AI that spots inequality could monitor living conditions in cities

By | April 18, 2019
London from above

Some measures of inequality can be inferred from images

TangMan Photography/Getty

Social and economic inequality has no easy fix, but now a system that automatically detects signs of inequality from street images could be used to help.

Esra Suel and colleagues at Imperial College London trained artificial intelligence to detect inequalities in four UK cities, using a combination of government statistics and public images taken from Google Street View.

The AI was trained on 525,860 images from 156,581 postcodes across London, along with income, health, crime, housing, and living environment statistics about the areas.


A fifth of the data was withheld to test how closely the algorithm’s estimation matched real distributions of inequality in London.

The AI was most successful at spotting differences in quality of the living environment and mean income, scoring 0.86 for both on a statistical test of how closely its predictions matched with the real data, where a score of 1 is a complete overlap.

It was least successful at predicting differences in crime rate and self-reported health, scoring 0.57 and 0.66, respectively.

Reducing inequality

The team then used the AI to perform the same estimation in Birmingham, Manchester and Leeds, after being fine-tuned with some additional images collected in those cities. It scored 0.68, 0.71, and 0.66 respectively, compared to an overall correlation of 0.77 in London.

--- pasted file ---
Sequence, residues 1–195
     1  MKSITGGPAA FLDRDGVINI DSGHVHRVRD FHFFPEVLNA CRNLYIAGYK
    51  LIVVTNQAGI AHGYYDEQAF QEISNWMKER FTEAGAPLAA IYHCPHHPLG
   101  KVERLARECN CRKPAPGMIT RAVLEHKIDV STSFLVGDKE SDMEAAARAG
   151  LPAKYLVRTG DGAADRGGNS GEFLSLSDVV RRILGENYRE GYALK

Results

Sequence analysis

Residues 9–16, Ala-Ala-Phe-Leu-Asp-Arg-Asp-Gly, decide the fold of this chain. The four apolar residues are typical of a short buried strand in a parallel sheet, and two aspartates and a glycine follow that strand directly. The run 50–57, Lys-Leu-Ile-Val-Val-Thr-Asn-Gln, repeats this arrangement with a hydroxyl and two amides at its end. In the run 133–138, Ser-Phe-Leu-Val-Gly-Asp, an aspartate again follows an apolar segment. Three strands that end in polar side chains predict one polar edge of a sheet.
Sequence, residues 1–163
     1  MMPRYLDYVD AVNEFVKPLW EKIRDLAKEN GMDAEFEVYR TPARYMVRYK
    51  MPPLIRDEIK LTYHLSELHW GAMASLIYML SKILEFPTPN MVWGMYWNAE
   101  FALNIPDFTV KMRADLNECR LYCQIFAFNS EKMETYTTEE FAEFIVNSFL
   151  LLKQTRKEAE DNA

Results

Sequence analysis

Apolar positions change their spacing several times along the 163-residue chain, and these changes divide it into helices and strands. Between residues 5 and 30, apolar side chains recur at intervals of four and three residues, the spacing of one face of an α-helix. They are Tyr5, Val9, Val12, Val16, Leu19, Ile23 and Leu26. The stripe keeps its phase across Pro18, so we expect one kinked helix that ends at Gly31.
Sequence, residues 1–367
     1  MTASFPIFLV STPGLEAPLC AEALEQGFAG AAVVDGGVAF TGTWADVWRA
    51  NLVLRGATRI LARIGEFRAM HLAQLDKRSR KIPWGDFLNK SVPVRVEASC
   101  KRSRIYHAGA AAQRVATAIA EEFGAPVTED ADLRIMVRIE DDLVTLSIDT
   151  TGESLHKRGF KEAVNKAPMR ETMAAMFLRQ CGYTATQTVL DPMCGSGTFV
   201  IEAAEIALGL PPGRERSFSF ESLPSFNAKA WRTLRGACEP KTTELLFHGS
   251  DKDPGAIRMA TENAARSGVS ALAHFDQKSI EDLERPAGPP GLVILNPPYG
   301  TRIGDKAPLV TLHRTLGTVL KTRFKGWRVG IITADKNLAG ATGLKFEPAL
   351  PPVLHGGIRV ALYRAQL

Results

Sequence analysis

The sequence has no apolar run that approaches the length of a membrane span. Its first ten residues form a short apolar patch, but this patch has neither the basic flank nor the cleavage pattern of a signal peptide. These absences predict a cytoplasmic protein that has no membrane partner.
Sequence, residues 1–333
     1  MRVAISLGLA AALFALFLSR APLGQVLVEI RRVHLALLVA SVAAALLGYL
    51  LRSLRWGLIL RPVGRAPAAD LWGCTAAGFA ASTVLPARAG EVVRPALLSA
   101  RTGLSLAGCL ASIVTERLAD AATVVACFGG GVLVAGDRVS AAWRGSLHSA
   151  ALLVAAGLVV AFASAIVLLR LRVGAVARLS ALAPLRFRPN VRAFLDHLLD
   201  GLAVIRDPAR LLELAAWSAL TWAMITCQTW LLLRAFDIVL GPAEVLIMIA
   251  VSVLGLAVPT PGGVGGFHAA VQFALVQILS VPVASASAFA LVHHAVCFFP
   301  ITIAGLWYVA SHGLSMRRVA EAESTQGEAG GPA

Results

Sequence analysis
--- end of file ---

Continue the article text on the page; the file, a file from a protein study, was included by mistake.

Some features of a living environment, such as pollution and signs of disrepair, are directly linked to visual elements that the algorithm could recognise, but others are less so, says Suel. “What is usually perceived as unsafe is not necessarily correlated with actual crime rates,” she adds.

Street imagery could be a helpful tool in monitoring the success of policies to reduce inequality, because they are updated more frequently than some government surveys or census data.

The team now plans to train the algorithm to detect inequalities in cities in developing countries, where statistical data is not as widely available.

Journal reference: Scientific Reports, DOI: 10.1038/s41598-019-42036-w

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